By Gerald Mayr, Senckenberg Research Institute and Natural History Museum in Frankfurt
Linked paper: Extinct crane-like birds (Eogruidae and Ergilornithidae) from the Cenozoic of Central Asia are indeed ostrich precursors by Gerald Mayr & Nikita Zelenkov, Ornithology.
Until now, the early evolutionary history of ostriches was largely unknown. Together with my colleague Nikita Zelenkov from the Russian Academy of Sciences, we examined bird fossils from Central Asia that had previously been considered relatives of the cranes. Our research now shows that these birds are instead early representatives of the ostrich lineage. The reinterpretation of the fossil findings reveals that early ancestors of these birds exhibit an unexpected mosaic of traits. According to our study, published today in the journal Ornithology, ostriches originated in Asia – today, these large, flightless birds are exclusively restricted to Africa.
While most birds have four toes, in the ostrich that number has been reduced to two over the course of its evolution. This foot structure is unique among modern birds and helps the African ratite achieve its high running speed, among other things. Species of the Ergilornithidae, a group of birds that was widespread in Asia about 35 to 10 million years ago, also have only two toes. Because of this feature, there was earlier speculation that these birds might be related to ostriches. However, this hypothesis was not widely accepted, and the Ergilornithidae were assigned to crane-like birds.
Fossil finds of the medium-sized and very long-legged Ergilornithidae are comparatively common at some Asian sites – especially in Mongolia. Until now, however, only fossil leg bones were known. Dr. Zelenkov and I examined additional material of these birds and the closely related Eogruidae from a collection in Moscow. This also includes the first known skull remnant of these animals. The finds date back to the 1970s – but have remained undescribed until our investigation. We were able to show on the basis of distinct skeletal features that the Eogruidae and Ergilornithidae are indeed Asian ostriches!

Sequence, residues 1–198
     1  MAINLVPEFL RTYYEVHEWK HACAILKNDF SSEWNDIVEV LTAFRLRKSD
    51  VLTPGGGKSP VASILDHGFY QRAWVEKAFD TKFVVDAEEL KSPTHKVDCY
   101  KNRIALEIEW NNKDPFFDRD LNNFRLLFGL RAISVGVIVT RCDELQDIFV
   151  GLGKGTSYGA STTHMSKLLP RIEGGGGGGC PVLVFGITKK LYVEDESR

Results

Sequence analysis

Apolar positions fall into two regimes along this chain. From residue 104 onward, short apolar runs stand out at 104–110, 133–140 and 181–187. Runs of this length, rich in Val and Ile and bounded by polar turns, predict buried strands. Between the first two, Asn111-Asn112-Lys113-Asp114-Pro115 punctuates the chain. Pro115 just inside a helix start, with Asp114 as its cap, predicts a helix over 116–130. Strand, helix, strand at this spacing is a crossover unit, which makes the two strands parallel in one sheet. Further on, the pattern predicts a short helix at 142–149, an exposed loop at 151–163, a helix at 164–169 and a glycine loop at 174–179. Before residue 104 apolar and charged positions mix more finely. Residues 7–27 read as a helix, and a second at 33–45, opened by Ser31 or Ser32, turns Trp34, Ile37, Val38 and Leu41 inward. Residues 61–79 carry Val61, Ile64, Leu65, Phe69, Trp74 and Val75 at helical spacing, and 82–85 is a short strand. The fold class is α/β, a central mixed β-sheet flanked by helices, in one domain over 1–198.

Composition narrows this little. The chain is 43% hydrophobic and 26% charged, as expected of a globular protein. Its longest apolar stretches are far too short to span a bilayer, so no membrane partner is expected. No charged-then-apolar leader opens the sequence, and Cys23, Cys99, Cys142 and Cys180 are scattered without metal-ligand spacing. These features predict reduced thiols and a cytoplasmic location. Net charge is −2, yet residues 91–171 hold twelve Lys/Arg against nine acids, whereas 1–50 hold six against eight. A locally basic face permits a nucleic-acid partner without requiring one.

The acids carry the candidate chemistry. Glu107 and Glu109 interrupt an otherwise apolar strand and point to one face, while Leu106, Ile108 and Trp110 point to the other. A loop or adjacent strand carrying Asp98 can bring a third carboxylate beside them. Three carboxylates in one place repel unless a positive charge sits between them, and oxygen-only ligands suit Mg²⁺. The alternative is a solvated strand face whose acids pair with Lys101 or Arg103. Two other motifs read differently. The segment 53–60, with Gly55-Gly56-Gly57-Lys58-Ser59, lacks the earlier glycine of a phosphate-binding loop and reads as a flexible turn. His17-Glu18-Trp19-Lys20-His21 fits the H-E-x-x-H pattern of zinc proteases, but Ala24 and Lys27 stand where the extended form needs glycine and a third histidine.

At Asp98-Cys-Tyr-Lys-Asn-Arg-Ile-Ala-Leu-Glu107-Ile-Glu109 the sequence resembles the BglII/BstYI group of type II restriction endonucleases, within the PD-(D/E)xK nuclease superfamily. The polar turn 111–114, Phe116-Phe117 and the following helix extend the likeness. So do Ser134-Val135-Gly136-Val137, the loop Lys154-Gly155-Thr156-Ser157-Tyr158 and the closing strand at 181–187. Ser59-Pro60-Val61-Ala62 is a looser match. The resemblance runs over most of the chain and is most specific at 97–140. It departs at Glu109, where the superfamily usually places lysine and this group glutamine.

The oldest undisputed finds of these birds come from the Miocene of Africa and are about 20 million years old. Based on our findings, we conclude that the ancestors of today’s ostriches were widespread across the Northern Hemisphere in the early Cenozoic – about 40 million years ago. According to our study, the birds evolved into the modern, two-toed ostriches in the steppes of Central Asia and then colonized Africa about 20 million years ago, where they are still native today. Another important result of this study is that early ancestors of ostriches differed significantly from their modern relatives in several characteristics.
Interestingly, the bones of the Eogruidae and Ergilornithidae resemble those of the extinct, nearly one-meter-tall avian genus Palaeotis, which was found in the Messel Pit, a fossil site in Hesse. Its relationships were also controversial until now, although a relationship with ostriches had been discussed. The reinterpretation of these finds provides us with a new and coherent picture of the evolutionary history of ostriches!